Dad – before you died, you told me to use my talents to help other people.  I have done so and will continue to do this in honor of both of you.

Irene P. Menna

Mom would be raised in a small house with 7 sisters and a brother.  She excelled in public school and graduated Southern High School for Girls in 1949.  She graduated with a scholarship but was not allowed to go to advanced schooling by her old-fashioned father from Italy.  Mom became a secretary at Secretary at Freeman’s near Drexel University and worked her way up to Executive Secretary.  She would leave  her job to become a full-time mother in 1966.   Married in 1965, she would give birth to Frank in 1966, Anthony in 1968, and me in 1971.  She would become a good homemaker until I was about 14.  Then, she began to work part-time as an aide at Stephen Girard School.  Mom would also become a paid baby sitter for many years, too.  She lived a good life, was an excellent cook, religious, and very loyal to her husband and children.  Mom loved the Phillies, just like her mother.

Frank S. Menna

Dad would be raised in several small houses in South Philly, moving around  as conditions changed.  His father died when he was two, so he never knew his own father.  His sister, Agnes, died  as a young woman in her twenties.  Dad would have two older brothers – Tony and Joseph.  Uncle Joe would serve in World War Two.  Dad had to leave school at the end of  tenth grade to begin working and to support his mother, Margaret.  For one year, he worked at Strutters and Dun as a Machinist, 1950-51.  In 1951, he got a job at General Electric  in southwest Philly.  In 1949, Dad was an innocent bystander in a shooting and nearly died.  He recovered in Old Pennsylvania Hospital for several weeks.  The timing was good, as new procedures to save lives were now in place from World War Two.  Because of the shooting, he lost his spleen and had permanent staples for stitches his whole life.  When the draft for  the Korea came about, he was rejected due his  past injury.  Dad would rise through the ranks at G.E., to become a master machinist, developing the capability to work with all types of metals on big machines such as drill presses, lathes, and  brakes.  He specialized in assembly mechanisms – able to assemble complex breakers comprised of hundreds of parts.  He became a troubleshooter and teacher for GE’s vacuum and nuclear breakers.  At one point he had an accident in the 1980’s where he lost 1-1/2 fingers.  After recovery and plastic surgery, he returned to work and continued working some 15 more years with only 8-1/2 fingers.  He was a favorite of the engineering staff and was sought after for his knowledge and skills.  He put in 46 years of service at GE.  Besides  that, he worked part-time at the nearby gas station.  He enjoyed the simple things in life.  He loved to talk and visit people.  In his  retirement, he would make the rounds in the neighborhood, often giving out many bananas.  Because of him, many people still eat bananas every day.  He had the uncanny ability to recognize faces of people he knew some 50-60 years later.  He  loved movies, fishing, and dancing.  Dad was known as one of south philly’s mayors.  He  was always  cool and never raised his  voice.  He is remembered as a very good father.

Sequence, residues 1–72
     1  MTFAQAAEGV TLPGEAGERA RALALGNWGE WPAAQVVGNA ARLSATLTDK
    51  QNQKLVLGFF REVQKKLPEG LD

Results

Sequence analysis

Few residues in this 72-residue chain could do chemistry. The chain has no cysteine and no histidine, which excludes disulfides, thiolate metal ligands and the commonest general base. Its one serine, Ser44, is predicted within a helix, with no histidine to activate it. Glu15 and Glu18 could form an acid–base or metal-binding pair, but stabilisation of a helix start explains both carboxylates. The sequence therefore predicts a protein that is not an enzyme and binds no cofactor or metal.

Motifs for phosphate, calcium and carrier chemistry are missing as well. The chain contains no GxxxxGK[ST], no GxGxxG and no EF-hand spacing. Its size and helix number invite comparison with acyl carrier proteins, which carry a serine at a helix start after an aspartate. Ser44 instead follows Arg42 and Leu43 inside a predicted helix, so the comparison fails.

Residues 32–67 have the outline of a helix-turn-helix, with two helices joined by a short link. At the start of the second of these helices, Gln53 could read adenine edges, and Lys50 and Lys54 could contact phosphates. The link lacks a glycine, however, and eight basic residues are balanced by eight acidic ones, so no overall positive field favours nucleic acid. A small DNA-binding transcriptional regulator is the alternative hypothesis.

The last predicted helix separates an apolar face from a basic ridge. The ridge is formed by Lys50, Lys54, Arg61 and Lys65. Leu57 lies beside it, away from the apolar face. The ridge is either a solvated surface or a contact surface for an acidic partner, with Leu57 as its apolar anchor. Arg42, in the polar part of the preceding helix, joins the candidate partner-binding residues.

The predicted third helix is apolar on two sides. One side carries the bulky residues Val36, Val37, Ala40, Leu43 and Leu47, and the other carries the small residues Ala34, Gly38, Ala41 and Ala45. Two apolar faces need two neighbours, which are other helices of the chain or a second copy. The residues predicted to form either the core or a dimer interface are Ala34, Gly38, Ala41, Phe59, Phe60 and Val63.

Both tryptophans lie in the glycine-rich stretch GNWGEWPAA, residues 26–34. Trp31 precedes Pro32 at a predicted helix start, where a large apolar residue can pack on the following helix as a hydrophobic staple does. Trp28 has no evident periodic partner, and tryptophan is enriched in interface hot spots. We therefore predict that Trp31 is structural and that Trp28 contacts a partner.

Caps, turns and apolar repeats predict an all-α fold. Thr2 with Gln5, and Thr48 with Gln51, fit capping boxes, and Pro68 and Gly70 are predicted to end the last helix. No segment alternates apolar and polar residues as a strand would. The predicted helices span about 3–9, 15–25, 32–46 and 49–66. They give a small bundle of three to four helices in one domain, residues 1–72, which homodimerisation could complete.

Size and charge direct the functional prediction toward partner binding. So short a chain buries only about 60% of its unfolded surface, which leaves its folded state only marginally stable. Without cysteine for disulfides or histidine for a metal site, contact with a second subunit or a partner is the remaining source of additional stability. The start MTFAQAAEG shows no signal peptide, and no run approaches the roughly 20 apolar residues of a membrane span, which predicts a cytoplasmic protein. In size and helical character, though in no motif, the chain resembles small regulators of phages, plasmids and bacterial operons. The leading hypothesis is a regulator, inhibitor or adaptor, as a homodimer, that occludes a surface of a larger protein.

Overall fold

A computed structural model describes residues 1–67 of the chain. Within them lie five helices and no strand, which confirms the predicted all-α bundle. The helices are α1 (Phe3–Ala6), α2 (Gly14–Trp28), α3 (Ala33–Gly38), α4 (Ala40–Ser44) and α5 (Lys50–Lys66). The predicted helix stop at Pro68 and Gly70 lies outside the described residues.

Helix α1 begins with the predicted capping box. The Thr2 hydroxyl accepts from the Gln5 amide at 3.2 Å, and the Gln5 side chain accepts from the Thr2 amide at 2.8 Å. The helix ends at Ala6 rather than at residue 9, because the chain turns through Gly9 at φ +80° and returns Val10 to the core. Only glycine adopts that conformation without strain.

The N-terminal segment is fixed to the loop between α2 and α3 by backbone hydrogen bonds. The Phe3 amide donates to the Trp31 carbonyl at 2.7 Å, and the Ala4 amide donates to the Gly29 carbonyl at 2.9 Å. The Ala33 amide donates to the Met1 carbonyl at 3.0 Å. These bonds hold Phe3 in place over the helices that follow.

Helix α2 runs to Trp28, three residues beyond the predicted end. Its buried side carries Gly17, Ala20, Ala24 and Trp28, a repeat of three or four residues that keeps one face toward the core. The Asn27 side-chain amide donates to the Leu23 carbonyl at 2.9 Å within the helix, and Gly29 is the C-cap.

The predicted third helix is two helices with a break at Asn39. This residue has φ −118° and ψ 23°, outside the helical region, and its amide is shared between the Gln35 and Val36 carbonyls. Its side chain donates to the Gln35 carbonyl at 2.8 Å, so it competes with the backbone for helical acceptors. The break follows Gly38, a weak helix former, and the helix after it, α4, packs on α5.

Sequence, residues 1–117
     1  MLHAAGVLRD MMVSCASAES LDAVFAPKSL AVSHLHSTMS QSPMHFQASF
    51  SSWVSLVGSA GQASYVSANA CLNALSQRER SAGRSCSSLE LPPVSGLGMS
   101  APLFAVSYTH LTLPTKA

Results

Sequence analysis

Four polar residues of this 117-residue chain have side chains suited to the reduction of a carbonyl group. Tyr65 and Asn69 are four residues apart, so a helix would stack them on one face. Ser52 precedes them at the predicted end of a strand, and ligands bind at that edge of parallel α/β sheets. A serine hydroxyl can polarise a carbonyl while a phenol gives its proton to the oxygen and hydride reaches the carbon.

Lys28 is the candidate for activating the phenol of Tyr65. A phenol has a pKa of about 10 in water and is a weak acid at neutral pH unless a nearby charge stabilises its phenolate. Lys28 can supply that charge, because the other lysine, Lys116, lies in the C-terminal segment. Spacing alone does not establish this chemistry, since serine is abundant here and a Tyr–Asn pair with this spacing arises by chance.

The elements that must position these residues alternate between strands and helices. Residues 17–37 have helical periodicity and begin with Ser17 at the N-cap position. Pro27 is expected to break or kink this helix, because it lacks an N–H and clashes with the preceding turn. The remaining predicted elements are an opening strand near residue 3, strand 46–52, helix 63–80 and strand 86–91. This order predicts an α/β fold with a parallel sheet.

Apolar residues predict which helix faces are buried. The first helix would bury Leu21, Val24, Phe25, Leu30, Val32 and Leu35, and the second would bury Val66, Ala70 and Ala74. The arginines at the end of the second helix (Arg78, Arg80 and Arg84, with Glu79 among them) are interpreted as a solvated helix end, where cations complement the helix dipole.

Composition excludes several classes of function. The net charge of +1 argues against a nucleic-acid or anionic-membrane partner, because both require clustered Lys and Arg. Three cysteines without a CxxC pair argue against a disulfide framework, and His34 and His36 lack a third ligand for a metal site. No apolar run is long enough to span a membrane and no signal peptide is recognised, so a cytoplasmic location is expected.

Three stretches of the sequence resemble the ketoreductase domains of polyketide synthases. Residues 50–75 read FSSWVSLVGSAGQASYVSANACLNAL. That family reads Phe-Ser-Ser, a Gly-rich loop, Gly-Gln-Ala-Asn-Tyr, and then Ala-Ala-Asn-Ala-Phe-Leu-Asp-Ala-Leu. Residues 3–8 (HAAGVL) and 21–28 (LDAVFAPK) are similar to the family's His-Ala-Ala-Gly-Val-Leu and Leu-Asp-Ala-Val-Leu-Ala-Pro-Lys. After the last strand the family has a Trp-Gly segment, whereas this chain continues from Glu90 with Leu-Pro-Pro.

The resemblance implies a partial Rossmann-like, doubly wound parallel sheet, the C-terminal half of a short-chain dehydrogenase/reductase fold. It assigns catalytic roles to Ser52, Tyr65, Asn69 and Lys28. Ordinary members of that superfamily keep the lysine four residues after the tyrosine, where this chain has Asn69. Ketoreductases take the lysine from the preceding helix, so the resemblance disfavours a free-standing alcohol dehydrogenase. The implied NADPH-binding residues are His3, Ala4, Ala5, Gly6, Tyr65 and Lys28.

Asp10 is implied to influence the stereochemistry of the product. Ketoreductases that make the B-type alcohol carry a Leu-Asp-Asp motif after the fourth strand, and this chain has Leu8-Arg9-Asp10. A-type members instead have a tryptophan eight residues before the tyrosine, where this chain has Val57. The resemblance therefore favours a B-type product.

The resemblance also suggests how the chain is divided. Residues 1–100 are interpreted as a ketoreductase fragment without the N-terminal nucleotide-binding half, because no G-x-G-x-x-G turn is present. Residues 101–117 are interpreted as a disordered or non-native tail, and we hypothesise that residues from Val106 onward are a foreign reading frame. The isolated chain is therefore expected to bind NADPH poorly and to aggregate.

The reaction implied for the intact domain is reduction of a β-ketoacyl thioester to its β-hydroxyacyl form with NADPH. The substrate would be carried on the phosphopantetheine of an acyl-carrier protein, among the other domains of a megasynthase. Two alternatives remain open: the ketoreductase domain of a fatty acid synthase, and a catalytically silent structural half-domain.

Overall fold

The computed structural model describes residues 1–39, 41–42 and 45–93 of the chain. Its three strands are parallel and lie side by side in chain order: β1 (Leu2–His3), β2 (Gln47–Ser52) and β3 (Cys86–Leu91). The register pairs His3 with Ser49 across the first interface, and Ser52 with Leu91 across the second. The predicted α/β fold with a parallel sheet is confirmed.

Second – To Our Deceased Designers

Christopher Falkenstein

Ruben Johnson

Sponsored Charities

Cradle of Liberty Council, BSA – Philadelphia, Montgomery, Delaware Counties, PA
Girl Scouts of Eastern Pennsylvania
Preservation Alliance of Pennsylvania
Temple University – Philadelphia
Villanova University – Philadelphia
Chestnut Hill College – Philadelphia
Delaware Valley Engineers Week – Philadelphia
Chapel of the Four Chaplains, Philadelphia
Shawmont Home and School Association – Philadelphia
Immaculate Heart of Mary Church and School – Philadelphia
Scouts 147 BSA – Philadelphia
KLove Radio
WHYY  – Philadelphia
Philadelphia Zoo
The Franklin Institute – Philadelphia
Friends of Treasure Island – Pipersville, PA
ASCE Foundation – Reston, VA
Friends of the Wissahickon – Philadelphia
Archbishop John Carroll High School  Radnor, PA